the firmaments of the same floor, were reused by me, and they form the base of a newly construed subjective reality. Useless junk gets a meaningful importance again. During the process I invited people, who got into contact with the installations in the rooms. They executed performance like actions at times, or simply left a trail of their presence. The images mainly exist through my constant intuitive reaction to all that happens during the process. There are swift and dynamic constructions and destructions and through this new situations arise. In my story of images, I constantly play with the borders between photography, installation art and performance. The images mainly come into being via constant intuitive reaction. The eventual images are mostly the insignificant intermediate moments, stacking layer upon layer and calling questions considering their meaning into being. Berlin 2009, Revolver VVV, ill., 20 x 30 32,5 cm, slipcover, photos, posters Selected by:
Eastward Bound. Photographs by Marco van Duyvendijk.Marco van Duyvendijk. Marco van Duyvendijk is a slow photographer, preferring to work on a series for months and sometimes years. Even so, over the past decade he has produced enough work for a retrospective at the Hague Museum for Photography in the Netherlands, demonstrating an impressive start to
a career. Van Duyvendijk does not confine himself to any single genre, alternating travel and documentary photography with portraits. But his work always shows the control and care that are the marks of an empathic and intelligent photographer giving his subjects the time they deserve. Selected by:
Portfolio. Photographs by Thijs groot Wassink and Ruben Lundgren.WassinkLundgren.. This portfolio contains a selection of our work up to 2009. Selected by:
Timothy Prus & Ed Jones
Der Baum. Photographs by Erik van der Weijde.4478ZINE. Inspired in part by a German photography book from 1931 with the same title, Der Baum features 44 photographs of trees taken by Van der Weijde in recent years. The tree's locations range from historical sites like Hitler's elementary school and the scenes of famous crimes, to unidentified places that give rise to oblique atmospheres and titles such as 'School', 'Road' and 'Park'. As in his other publications, Van der Weijde deals in typological representations that explore the photo book itself as an object. "Der Baum presents forty-four photographs of trees taken by Van der Weijde over the last several years at diverse locations in Europe and Brazil. Titled for their locations, some of the images become filled with significance, Hitler's elementary school or scenes of famous crimes, while others, "School" or "Road" are anonymous and descriptive. Like Van der Weijde's previous publications, Der Baum is a stunning combination of traditional D.I.Y publishing, photographic typology and a nuanced relationship to the materiality of printed matter."- Daniel Espeset from photo-eye Newsletter Selected by:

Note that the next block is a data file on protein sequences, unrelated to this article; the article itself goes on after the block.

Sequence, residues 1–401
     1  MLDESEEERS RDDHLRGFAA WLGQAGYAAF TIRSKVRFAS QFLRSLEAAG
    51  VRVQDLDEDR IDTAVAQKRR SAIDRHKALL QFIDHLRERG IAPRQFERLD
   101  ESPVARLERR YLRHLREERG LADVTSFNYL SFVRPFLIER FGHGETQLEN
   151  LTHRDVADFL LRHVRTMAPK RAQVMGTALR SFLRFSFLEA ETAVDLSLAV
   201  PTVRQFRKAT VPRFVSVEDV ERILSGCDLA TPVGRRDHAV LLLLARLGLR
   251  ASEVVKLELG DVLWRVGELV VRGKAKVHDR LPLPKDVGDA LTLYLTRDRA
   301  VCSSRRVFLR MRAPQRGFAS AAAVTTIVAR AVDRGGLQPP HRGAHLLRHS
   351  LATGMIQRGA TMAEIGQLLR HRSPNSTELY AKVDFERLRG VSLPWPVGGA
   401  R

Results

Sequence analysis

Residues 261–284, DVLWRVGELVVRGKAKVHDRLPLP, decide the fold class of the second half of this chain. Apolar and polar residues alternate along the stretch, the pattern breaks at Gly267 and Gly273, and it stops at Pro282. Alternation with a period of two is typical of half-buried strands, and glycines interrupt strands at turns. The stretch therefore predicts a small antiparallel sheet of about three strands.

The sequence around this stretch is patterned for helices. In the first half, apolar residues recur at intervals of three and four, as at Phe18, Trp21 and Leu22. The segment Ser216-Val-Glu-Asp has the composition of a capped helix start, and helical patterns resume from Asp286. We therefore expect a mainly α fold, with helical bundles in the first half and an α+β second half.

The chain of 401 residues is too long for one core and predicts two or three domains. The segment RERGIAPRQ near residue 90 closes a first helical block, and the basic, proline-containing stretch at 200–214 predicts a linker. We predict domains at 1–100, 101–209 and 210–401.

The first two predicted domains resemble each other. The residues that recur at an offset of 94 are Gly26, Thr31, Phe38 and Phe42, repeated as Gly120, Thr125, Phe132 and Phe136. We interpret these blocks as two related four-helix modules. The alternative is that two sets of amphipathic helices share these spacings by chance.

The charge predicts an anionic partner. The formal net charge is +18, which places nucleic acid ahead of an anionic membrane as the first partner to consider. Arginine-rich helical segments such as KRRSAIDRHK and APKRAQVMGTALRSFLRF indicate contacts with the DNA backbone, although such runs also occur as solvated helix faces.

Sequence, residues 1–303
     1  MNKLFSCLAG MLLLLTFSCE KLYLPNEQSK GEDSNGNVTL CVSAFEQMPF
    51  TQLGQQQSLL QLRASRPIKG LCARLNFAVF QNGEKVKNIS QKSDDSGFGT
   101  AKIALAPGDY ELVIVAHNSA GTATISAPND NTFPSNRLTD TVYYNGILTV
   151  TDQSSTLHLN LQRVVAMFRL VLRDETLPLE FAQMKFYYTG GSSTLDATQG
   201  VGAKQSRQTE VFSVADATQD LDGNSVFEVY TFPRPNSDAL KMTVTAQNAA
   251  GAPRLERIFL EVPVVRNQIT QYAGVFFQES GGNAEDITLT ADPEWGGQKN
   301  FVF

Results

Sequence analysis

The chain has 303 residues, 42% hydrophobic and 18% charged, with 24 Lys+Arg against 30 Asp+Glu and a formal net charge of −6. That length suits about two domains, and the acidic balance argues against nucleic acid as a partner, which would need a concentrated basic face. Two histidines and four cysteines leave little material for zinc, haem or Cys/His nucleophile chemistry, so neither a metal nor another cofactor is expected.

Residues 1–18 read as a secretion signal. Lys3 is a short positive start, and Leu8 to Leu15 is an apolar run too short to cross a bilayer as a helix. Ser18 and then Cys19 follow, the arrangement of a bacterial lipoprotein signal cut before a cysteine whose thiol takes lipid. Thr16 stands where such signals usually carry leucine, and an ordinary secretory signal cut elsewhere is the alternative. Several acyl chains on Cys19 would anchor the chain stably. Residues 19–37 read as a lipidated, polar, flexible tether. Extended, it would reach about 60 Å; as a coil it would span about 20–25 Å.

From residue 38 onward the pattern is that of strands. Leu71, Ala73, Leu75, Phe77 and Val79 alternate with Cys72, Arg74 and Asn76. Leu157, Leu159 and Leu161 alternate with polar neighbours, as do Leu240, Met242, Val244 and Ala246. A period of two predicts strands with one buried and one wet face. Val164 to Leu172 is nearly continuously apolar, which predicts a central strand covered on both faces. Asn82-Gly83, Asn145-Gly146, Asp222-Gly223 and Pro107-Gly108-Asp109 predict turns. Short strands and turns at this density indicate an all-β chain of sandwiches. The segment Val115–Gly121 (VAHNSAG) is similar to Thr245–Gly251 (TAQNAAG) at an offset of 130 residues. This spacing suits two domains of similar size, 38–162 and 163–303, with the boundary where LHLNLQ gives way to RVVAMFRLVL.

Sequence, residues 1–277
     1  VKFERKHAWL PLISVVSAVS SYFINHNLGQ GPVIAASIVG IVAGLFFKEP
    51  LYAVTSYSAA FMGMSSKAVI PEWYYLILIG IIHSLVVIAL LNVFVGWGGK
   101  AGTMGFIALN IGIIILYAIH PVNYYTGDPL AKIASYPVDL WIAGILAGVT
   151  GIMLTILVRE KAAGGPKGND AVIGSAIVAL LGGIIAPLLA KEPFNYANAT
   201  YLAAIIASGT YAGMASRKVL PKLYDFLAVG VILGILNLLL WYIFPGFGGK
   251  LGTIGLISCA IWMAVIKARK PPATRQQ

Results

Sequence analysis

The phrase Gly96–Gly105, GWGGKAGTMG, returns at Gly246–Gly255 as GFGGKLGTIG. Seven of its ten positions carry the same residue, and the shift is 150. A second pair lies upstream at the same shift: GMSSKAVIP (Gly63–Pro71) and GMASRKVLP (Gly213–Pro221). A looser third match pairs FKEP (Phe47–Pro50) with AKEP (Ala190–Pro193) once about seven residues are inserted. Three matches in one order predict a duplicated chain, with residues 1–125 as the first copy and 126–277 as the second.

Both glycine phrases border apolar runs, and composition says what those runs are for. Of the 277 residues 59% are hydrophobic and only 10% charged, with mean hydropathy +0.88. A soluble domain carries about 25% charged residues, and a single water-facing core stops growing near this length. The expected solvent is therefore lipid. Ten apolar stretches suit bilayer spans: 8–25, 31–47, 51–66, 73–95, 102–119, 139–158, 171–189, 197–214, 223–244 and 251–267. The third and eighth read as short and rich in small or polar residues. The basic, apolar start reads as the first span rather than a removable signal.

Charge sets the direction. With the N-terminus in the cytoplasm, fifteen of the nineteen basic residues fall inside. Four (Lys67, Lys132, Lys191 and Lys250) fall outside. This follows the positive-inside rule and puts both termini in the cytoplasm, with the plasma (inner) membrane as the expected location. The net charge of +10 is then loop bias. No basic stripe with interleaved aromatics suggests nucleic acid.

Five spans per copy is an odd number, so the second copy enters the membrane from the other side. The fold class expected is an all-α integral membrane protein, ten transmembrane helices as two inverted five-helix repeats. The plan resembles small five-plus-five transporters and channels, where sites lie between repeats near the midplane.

How Terry Likes His Coffee. Photographs by Florian van Roekel.Florian van Roekel. In How Terry likes his Coffee I examined the consequences of professionalization on the way we cope with reality and each other. All photos are candid. The images were taken in a fifteen month period throughout five different companies in the Netherlands. This body of work has been produced as part of the final exam of my Bachelor of Photography at the Royal Academy of Arts in the Hague, Netherlands. Selected by:
Fringe Phenomena 1.
Photographs by Andre Thijssen. Edited with introduction by Erik Kessels.De Jonge Hond. Andre Thijssen takes photos of images that most people in everyday life unnoticed. Everyday situations, especially by the way he looks at it. Thijssen literally look over the surrounding reality. This fascination with fringe phenomena, providing images that he calls Fringe Phenomena. Intriguing because the photographed images that are often not immediately reveal. The photographs challenge our sense of perception and force it to not watch. Photography by Andre Thijssen in many international publications to see. His photographs were published in NRC Next, Fri Netherlands and Hollands Diep. For the first time they are brought together in one book. Erik Kessels and Hans Aarsman have developed a selection of unique and previously unpublished photographs from the archives of Thijssen. Fringe Phenomena calls attention to that which is usually somewhere in our corners play and most people miss. It is a unique combination which shows the richness of skew. Selected by:
Willem van Zoetendaal
Garage. Photographs by Jan Adriaans.Fw:. These days even black-a colour that has a history with Ford-has its own trendy name: Panther Black. Other colours in the company's colour palette are Hypnotic Silver, Tango and Frozen White. How different things were at the beginning of the last century when the first of 15 million T-Fords rolled
off the revolutionary production line in Detroit. Henry Ford reportedly said that his Tin Lizzie' would be delivered in any colour, as long as it was black. In truth, no one ever actually heard him say these words and between 1913 and 1926 Ford customers could choose between Brewster Green, Red, Blue and Grey. Indeed, during those early years there were no T-Fords delivered in the colour black....